Theresa May calls fresh Brexit vote on June 3 after talks with Jeremy Corbyn
Downing Street announced legislation to ratify the Prime Minister's Brexit deal in law will be brought back to MPs at the beginning of next month.
Labour and the Tories have been locked in talks for weeks to try and break the political paralysis gripping Westminster.
Brexit has been delayed until October 31 as MPs failed to reach an agreement on how best to exit the EU.
May reached out to Corbyn across the Commons despite fury from many of her hard Brexit backbenchers.
The two sides have now held "useful and constructive" talks as the Government announced a new vote on May's agreement set to be prepared for June 3.
The PM is said to have made clear to the Labour leader that she wanted to bring cross-party discussions to a conclusion and "deliver on the referendum result".
“Because both of us will be crucified by our base if we went into a general election having promised that we would respect the referendum result”
Foreign secretary Jeremy Hunt
A Downing Street spokesman said: "This evening the Prime Minister met the Leader of the Opposition in the House of Commons to make clear our determination to bring the talks to a conclusion and deliver on the referendum result to leave the EU.
"We will therefore be bringing forward the Withdrawal Agreement Bill in the week beginning the 3rd June.
"It is imperative we do so then if the UK is to leave the EU before the summer parliamentary recess.
"Talks this evening between the Prime Minister and the Leader of the Opposition were both useful and constructive.
"Tomorrow talks will continue at an official level as we seek the stable majority in Parliament that will ensure the safe passage of the Withdrawal Agreement Bill and the UK's swift exit from the EU."
'USEFUL AND CONSTRUCTIVE': Downing Street hinted talks were going well between May and Corbyn (Pic: PA)
A Labour Party spokeswoman said Mr Corbyn set out the shadow Cabinet's concerns about the Prime Minister's ability to deliver on any compromise agreement during the talks in Parliament on Tuesday evening.
"In particular he raised doubts over the credibility of Government commitments following statements by Conservative MPs and Cabinet ministers seeking to replace the Prime Minister," they added.
"Jeremy Corbyn made clear the need for further movement from the government, including on entrenchment of any commitments.
"The Prime Minister's team agreed to bring back documentation and further proposals tomorrow."
HOLDING ALL THE CARDS: Jeremy Corbyn and Labour may allow the PM to get a deal on Brexit (Pic: REUTERS)
After a marathon Cabinet meeting earlier on Tuesday, ministers agreed to continue the cross-party efforts to break the impasse but stressed it was "imperative" for a Brexit deal to get through Parliament by the summer recess.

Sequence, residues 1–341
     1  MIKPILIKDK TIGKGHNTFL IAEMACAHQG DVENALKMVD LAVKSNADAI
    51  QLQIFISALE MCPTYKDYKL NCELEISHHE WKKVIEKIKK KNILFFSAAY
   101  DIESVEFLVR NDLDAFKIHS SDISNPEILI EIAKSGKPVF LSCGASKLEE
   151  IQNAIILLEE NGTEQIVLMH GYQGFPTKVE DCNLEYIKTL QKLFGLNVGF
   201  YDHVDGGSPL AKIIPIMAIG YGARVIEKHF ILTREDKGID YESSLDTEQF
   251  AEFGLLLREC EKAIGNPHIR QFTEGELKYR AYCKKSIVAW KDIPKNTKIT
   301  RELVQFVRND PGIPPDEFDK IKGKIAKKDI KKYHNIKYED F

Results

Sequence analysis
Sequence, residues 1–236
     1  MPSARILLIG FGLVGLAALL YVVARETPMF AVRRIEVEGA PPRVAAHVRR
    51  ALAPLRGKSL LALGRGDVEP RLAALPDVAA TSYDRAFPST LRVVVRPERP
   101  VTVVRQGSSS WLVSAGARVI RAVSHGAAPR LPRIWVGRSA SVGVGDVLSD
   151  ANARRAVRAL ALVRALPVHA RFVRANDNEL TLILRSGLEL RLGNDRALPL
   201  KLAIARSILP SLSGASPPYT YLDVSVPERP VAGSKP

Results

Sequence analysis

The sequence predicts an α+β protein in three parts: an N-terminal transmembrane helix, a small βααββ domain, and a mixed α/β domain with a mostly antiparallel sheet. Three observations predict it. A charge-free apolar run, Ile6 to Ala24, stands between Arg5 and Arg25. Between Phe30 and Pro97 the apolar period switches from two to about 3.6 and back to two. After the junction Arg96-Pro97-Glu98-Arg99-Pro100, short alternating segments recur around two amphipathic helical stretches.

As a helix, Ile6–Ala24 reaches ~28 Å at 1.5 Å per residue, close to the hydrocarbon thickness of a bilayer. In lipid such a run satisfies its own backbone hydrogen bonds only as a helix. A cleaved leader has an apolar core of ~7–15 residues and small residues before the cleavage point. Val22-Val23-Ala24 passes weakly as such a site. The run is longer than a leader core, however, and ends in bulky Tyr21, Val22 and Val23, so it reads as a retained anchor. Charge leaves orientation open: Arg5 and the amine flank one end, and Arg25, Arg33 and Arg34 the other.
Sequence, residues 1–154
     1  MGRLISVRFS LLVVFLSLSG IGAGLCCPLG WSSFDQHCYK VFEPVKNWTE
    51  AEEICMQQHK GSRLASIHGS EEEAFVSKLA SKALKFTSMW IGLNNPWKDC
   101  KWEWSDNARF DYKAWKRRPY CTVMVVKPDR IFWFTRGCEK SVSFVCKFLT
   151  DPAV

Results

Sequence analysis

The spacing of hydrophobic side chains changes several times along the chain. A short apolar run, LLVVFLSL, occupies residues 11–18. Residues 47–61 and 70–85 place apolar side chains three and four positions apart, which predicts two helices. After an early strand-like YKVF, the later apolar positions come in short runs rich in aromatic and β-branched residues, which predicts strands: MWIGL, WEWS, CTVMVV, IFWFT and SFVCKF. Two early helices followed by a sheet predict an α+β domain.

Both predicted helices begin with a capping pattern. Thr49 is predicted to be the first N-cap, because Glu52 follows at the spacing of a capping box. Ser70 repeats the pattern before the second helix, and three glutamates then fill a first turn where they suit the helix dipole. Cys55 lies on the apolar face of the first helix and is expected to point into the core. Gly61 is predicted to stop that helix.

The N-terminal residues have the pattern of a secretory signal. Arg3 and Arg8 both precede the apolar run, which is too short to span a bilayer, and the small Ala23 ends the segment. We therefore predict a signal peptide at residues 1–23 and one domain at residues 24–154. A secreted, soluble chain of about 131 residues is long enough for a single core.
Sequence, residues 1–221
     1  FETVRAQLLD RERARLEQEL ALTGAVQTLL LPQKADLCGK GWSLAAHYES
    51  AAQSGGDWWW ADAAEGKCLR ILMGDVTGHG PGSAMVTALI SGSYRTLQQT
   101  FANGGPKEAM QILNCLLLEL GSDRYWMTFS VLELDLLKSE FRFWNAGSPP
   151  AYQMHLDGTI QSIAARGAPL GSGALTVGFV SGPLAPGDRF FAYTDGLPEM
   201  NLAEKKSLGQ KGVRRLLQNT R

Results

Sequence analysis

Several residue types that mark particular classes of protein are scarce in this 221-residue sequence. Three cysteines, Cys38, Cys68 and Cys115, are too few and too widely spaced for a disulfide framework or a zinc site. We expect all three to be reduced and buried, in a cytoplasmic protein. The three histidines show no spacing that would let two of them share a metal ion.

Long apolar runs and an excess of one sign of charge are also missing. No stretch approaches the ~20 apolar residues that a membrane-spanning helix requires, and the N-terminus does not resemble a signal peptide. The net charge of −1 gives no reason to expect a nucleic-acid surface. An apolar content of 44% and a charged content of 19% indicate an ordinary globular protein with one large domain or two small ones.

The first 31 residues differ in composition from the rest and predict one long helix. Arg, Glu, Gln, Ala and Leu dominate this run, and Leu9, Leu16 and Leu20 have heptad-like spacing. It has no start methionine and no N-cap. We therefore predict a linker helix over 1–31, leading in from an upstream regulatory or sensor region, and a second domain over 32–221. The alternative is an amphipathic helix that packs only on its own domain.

With May's future linked to the passage of a Brexit deal, getting legislation through the Commons and Lords by the summer break could also pave the way for her departure from Number 10.
Ministers spent more than two hours discussing the Brexit situation.
Despite the apparent lack of progress in talks with Labour decided the process should continue, but with a clear view that "we need to get a move on".
Rebels within the party continue to move against May – with many already looking for a successor as they demand she step down sooner rather than later.
DIVIDED: Britain remains split following the EU referendum in June 2016 (Pic: GETTY)
Earlier today, a Cabinet source said Mrs May stressed the need for compromise and said the Government could not give in to "absolutism".
Allies of the Prime Minister attempted to calm Tory fears about the prospect of a damaging split in the party over a customs union – Labour's key demand in the talks.
The Prime Minister was warned by senior Conservatives that she risks losing the "loyal middle" of the Tory party if she gives ground on the issue.
Number 10 sources insisted the Government would not sign up to a "permanent" customs union and any compromise position may only be an "interim" measure.
Some 13 former ministers, together with the chairman of the backbench 1922 Committee, Sir Graham Brady, have written to the Prime Minister urging her not to concede Labour's key demand.
WIPEOUT: Jeremy Hunt warned both parties will be 'crucified' if they don't deliver Brexit (Pic: EPA) Related Articles
SCRAP IT: David Davis urged Theresa May to cut off talks with Jeremy Corbyn (Pic: GETTY)
Foreign Secretary Jeremy Hunt said both the Tories and Labour would be "crucified' by voters if they fail to resolve and respect the referendum result.
The Cabinet minister insisted Britain does not need another referendum or general election.
Referring to cross-party talks, Mr Hunt said: "There is potential because when you look at the fundamentals it is actually in both parties' interests to resolve .
"Because both of us will be crucified by our base if we went into a general election having promised that we would respRead More – Source[contf] [contfnew]